removing the second member from the channel and inserting a third relatively stiff member through the channel such that the third member is operatively connected to the first member; wherein the third member has a different stiffness than the second member;
anchoring the third member to the intermediate vertebra, while inserted through the channel, at first and second locations disposed on respective first and second lateral sides of the intermediate vertebra.
2. The method of claim 1 wherein the first member comprises first and second notches and wherein inserting the first member further comprises engaging the first notch with the superior spinous process and engaging the second notch with the inferior spinous process.
3. The method of claim 1 wherein the third member includes first and second tabs extending from opposite ends thereof and wherein anchoring the third member to the intermediate vertebra comprises connecting tethers to the first and second tabs and tethering the third member to the intermediate vertebra.
4. The method of claim 1 wherein the third member includes first and second tabs extending from opposite ends thereof; wherein said inserting the third member comprises disposing the third member such that the first and second tabs extend over the pedicles of the intermediate vertebra; and wherein anchoring the third member to the intermediate vertebra comprises inserting screws through the first and second tabs such that the screws are driven into the pedicles of the intermediate vertebra.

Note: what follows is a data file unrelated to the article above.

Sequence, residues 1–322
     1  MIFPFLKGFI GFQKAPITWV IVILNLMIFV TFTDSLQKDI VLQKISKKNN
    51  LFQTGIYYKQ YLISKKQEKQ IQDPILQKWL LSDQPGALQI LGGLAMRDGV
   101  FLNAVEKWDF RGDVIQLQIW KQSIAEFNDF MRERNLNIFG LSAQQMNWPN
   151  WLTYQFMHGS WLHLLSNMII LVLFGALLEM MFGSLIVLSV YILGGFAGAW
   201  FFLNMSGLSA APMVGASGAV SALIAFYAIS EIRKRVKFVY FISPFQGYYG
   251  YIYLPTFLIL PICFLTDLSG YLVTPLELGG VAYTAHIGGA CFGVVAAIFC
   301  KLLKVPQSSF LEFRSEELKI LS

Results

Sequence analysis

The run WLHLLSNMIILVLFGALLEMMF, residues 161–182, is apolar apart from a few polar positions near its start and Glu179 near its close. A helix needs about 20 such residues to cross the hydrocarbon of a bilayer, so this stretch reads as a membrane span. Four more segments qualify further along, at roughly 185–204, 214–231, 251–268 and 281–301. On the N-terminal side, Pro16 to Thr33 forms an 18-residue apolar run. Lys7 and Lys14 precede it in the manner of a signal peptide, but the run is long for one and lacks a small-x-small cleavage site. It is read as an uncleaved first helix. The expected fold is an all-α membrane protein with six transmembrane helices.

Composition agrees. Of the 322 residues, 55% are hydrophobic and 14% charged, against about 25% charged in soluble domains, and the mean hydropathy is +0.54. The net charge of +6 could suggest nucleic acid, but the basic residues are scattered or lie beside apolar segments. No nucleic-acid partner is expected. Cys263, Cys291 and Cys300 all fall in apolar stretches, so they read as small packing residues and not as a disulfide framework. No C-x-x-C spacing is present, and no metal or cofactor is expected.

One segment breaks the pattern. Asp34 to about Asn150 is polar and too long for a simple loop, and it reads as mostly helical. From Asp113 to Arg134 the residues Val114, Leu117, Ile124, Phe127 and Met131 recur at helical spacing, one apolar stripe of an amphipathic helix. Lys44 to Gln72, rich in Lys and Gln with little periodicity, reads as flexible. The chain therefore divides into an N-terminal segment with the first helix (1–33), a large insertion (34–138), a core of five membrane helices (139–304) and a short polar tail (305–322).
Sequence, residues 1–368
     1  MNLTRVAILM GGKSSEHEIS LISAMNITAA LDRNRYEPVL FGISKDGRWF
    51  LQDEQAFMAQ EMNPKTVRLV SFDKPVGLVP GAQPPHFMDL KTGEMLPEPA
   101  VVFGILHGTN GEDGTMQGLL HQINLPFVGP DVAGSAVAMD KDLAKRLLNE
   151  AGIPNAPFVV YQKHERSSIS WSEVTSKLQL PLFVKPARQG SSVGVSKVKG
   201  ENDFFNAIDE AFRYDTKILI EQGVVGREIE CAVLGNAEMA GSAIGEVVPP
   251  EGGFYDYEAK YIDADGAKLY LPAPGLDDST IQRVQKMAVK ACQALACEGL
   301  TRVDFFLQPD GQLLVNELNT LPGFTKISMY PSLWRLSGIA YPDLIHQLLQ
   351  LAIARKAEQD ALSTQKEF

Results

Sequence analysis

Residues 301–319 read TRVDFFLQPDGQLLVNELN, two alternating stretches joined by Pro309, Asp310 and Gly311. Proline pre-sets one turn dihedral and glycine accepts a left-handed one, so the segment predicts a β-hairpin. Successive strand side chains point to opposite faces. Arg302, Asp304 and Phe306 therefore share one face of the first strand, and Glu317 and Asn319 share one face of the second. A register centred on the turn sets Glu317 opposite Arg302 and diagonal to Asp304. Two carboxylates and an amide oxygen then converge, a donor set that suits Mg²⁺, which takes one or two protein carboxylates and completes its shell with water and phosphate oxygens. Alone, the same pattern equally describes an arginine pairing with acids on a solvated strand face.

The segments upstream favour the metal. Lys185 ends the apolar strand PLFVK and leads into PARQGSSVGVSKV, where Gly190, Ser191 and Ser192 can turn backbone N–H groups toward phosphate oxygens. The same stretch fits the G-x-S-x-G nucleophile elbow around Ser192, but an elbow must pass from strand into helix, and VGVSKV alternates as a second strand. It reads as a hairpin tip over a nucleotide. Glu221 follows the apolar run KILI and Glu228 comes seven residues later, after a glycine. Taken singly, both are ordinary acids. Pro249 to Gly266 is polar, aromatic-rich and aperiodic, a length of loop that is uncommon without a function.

5. A method of implanting a spinal prosthesis comprising:
providing a main body member and a plurality of inserts, each having different stiffness from the other; the main body member being more flexible than the inserts;
inserting the main body member between superior and inferior spinous processes associated with respective superior and inferior vertebrae; the superior vertebra and inferior vertebra separated by an intermediate vertebra; the main body member having, after said inserting:
an upwardly facing concave notch engaging the superior spinous process;
a downwardly facing concave notch engaging the inferior spinous process;
a channel that extends laterally through the main body member;
selecting one of the inserts based on its relative stiffness;